Scottish voters who voted for the status quo in 2014, often with a heavy heart and often purely due to worries about affordability (the main ones being forced out of the EU, or forced into the Euro with a Yes vote), forwent their national pride for what they saw was “common sense”. Many now look aghast at the narrow-minded, parochial British nationalism that forced a Brexit against their wishes and see that it looks the poor cousin of Scotland’s civic, international, green and equality-led national movement.
The EU scare story meant a lot to No voters in the 2014 referendum: Last week, Labour supporters voted 83 per cent remain, the Lib Dems 84 per cent and even the Conservatives were 73 per cent remain – many of those voters (maybe as many as 500,000) have now moved to supporting independence within the EU but they won’t vote Yes to independence outside the EU. If we leave the EU with the United Kingdom the dream is dead.
So, we are a year or maybe a year and a half away from a second independence referendum, a referendum that can’t be won unless the potential Yes voters from the Unionist parties see independence as the more stable, affordable and economically promising option, and without the safety net of EU membership that’s a huge ask. Fortunately for the Yes movement the mood music from the EU is very supportive of the kind of deal that would show independence to be the solution to the omni-shambles Brexit is and will remain.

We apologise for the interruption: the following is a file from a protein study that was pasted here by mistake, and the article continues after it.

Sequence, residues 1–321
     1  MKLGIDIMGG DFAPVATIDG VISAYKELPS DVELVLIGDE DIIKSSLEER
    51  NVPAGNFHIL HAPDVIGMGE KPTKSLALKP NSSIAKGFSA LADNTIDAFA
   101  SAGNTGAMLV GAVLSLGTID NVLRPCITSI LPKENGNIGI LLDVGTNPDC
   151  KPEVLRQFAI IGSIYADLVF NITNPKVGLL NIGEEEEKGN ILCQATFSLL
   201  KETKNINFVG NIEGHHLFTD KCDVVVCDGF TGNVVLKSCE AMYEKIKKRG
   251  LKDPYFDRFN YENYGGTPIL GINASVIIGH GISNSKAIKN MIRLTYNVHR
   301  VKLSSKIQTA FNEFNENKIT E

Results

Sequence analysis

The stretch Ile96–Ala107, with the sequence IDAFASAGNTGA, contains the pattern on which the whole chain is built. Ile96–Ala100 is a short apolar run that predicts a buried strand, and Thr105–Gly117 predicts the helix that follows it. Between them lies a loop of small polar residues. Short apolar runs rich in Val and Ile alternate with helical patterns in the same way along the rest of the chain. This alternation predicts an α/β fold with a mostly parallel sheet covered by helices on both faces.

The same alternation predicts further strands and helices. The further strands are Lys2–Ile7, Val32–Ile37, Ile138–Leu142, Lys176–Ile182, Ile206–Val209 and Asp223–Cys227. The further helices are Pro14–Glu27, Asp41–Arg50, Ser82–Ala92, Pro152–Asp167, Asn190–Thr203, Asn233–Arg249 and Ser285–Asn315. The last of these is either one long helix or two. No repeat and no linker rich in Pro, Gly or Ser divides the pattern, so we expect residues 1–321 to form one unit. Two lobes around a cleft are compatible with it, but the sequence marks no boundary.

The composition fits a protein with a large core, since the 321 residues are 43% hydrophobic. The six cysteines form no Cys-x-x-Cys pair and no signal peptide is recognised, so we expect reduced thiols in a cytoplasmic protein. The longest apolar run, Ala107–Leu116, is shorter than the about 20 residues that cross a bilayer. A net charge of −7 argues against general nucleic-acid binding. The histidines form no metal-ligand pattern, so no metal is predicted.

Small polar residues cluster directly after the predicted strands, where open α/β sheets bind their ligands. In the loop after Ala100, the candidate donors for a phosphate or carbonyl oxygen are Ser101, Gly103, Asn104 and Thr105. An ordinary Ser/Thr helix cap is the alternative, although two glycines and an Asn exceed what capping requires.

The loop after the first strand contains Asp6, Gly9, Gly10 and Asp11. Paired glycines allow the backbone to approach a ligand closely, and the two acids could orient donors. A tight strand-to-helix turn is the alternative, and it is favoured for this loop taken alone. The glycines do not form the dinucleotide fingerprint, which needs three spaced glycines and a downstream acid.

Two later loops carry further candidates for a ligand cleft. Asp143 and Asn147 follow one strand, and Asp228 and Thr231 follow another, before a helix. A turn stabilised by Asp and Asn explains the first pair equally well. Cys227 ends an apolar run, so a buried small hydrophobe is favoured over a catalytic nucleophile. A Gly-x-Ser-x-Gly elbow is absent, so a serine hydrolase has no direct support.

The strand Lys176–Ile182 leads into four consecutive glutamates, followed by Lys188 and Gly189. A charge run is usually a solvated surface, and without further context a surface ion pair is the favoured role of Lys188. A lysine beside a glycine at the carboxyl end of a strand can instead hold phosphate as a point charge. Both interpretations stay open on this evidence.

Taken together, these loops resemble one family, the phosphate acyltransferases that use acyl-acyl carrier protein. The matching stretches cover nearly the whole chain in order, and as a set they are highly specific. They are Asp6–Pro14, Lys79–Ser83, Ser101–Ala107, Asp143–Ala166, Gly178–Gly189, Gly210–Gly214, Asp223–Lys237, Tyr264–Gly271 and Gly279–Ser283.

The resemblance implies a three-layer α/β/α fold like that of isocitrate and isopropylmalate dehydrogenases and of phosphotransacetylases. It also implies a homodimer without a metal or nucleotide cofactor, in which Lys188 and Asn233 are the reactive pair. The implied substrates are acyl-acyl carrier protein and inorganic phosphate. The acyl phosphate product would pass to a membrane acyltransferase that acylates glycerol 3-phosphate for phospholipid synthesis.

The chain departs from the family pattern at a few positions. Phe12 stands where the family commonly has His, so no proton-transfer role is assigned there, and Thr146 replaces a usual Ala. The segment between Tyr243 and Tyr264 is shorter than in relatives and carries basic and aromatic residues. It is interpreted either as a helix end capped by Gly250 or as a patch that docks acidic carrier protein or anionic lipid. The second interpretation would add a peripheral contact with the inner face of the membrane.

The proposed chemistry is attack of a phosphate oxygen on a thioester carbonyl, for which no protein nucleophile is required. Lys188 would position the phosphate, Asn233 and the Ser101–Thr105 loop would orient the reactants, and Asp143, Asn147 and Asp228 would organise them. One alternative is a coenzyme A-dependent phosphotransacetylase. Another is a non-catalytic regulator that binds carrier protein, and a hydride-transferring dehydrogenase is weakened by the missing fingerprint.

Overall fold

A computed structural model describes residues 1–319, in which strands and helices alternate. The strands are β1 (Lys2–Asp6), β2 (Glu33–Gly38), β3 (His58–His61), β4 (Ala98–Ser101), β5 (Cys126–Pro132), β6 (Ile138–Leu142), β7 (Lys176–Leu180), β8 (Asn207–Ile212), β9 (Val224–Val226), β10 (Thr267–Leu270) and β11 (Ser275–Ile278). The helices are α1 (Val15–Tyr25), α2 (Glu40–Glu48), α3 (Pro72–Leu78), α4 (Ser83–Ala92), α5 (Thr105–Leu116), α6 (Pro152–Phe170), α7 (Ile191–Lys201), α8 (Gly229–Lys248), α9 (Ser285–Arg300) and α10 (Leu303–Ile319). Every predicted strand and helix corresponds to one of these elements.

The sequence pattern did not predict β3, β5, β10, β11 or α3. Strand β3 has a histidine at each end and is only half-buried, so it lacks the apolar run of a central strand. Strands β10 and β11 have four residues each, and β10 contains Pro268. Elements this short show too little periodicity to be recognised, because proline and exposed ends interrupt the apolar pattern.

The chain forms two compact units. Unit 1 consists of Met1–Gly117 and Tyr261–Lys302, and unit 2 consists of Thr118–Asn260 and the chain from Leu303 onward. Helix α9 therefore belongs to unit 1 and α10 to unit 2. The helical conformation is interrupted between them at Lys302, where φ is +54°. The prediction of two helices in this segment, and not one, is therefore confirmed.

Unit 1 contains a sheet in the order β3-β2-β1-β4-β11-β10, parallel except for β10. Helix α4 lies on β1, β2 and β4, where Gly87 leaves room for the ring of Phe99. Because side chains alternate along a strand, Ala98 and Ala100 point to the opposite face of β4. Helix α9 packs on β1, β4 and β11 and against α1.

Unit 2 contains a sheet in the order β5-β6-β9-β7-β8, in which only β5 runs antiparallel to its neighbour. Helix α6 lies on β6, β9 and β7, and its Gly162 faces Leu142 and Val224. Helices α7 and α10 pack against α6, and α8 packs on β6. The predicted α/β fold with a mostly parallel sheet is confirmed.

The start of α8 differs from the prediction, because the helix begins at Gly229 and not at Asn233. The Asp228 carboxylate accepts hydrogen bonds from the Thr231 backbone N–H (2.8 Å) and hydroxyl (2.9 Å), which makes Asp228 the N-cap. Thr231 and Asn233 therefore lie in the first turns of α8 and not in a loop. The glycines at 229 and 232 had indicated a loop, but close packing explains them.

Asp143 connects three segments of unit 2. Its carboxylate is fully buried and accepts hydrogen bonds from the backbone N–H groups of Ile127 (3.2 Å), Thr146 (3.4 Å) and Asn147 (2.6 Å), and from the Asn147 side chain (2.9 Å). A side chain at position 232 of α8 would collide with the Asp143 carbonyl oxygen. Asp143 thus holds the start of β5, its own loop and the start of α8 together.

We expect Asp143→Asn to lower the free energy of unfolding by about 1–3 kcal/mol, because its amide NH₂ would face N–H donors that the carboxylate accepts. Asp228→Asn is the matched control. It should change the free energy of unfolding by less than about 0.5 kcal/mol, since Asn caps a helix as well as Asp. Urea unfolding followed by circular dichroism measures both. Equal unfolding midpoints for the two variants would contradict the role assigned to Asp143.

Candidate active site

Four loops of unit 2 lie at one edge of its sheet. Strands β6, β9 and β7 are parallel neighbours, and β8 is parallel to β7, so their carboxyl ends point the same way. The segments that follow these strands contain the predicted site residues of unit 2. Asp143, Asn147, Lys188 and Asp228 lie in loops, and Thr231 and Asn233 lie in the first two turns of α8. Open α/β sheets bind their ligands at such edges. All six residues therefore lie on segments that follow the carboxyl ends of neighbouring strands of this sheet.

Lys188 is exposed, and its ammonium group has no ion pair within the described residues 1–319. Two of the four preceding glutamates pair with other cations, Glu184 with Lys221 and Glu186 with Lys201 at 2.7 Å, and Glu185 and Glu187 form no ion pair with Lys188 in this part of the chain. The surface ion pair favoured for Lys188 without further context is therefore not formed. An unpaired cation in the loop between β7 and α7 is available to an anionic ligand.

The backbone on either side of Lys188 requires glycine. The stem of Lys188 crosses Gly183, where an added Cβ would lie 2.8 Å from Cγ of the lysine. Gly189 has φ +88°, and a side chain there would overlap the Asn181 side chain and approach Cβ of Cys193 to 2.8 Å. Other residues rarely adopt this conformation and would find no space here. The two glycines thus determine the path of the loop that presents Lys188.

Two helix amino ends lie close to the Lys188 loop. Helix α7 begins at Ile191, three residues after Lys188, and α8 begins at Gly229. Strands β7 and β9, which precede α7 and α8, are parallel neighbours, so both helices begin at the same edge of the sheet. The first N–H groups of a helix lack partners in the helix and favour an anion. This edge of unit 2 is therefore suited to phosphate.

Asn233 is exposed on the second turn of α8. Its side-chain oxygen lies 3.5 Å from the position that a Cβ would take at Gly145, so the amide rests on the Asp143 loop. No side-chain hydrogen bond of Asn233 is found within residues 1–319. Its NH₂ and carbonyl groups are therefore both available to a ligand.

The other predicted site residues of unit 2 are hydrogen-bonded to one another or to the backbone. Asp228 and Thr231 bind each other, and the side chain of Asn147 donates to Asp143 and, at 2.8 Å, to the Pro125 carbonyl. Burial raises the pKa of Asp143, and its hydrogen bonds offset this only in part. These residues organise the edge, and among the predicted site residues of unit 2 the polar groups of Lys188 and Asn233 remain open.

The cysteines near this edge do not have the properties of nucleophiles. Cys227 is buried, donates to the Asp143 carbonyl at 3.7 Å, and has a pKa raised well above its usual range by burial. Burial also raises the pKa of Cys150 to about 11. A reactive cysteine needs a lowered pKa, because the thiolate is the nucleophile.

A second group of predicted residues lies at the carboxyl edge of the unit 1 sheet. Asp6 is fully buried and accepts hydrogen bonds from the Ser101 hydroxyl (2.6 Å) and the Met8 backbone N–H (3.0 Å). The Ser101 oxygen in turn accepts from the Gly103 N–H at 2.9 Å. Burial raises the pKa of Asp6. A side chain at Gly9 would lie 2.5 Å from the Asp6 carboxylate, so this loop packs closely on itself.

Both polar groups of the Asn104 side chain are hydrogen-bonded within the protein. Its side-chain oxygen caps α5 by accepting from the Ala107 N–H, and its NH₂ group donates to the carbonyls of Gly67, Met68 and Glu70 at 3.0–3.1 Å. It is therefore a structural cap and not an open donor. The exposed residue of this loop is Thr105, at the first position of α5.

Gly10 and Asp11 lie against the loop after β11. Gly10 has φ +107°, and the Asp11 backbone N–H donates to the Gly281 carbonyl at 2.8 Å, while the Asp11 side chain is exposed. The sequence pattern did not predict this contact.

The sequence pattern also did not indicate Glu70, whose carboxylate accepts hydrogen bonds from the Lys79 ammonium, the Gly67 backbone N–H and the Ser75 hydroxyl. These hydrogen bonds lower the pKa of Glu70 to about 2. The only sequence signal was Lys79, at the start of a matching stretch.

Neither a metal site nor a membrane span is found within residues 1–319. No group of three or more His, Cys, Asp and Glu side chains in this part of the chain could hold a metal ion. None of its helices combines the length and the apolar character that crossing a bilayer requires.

Whatever EU trade deal the UK does will include open borders, so don’t worry about that old chestnut (Norway and Sweden have open borders) but it will be very hard for the UK to maintain full financial services market access as a non-member; Switzerland hasn’t managed that. As part of the EU the UK’s finance sector has EU passporting rights, essentially meaning financial services firms based in the UK can operate throughout the EU.
Not only will manufacturers who need to sell in the EU need to consider moving from the UK but so will online retailers of products that are sold with finance deals across the EU. But that’s nothing compared to the UK financial services sector, which desperately needs passporting, something many EU members who want to block the UK don’t. The French, Irish, Dutch and Germans in particular are eyeing the juicy bones that post-Brexit Britain’s European finance business may offer up.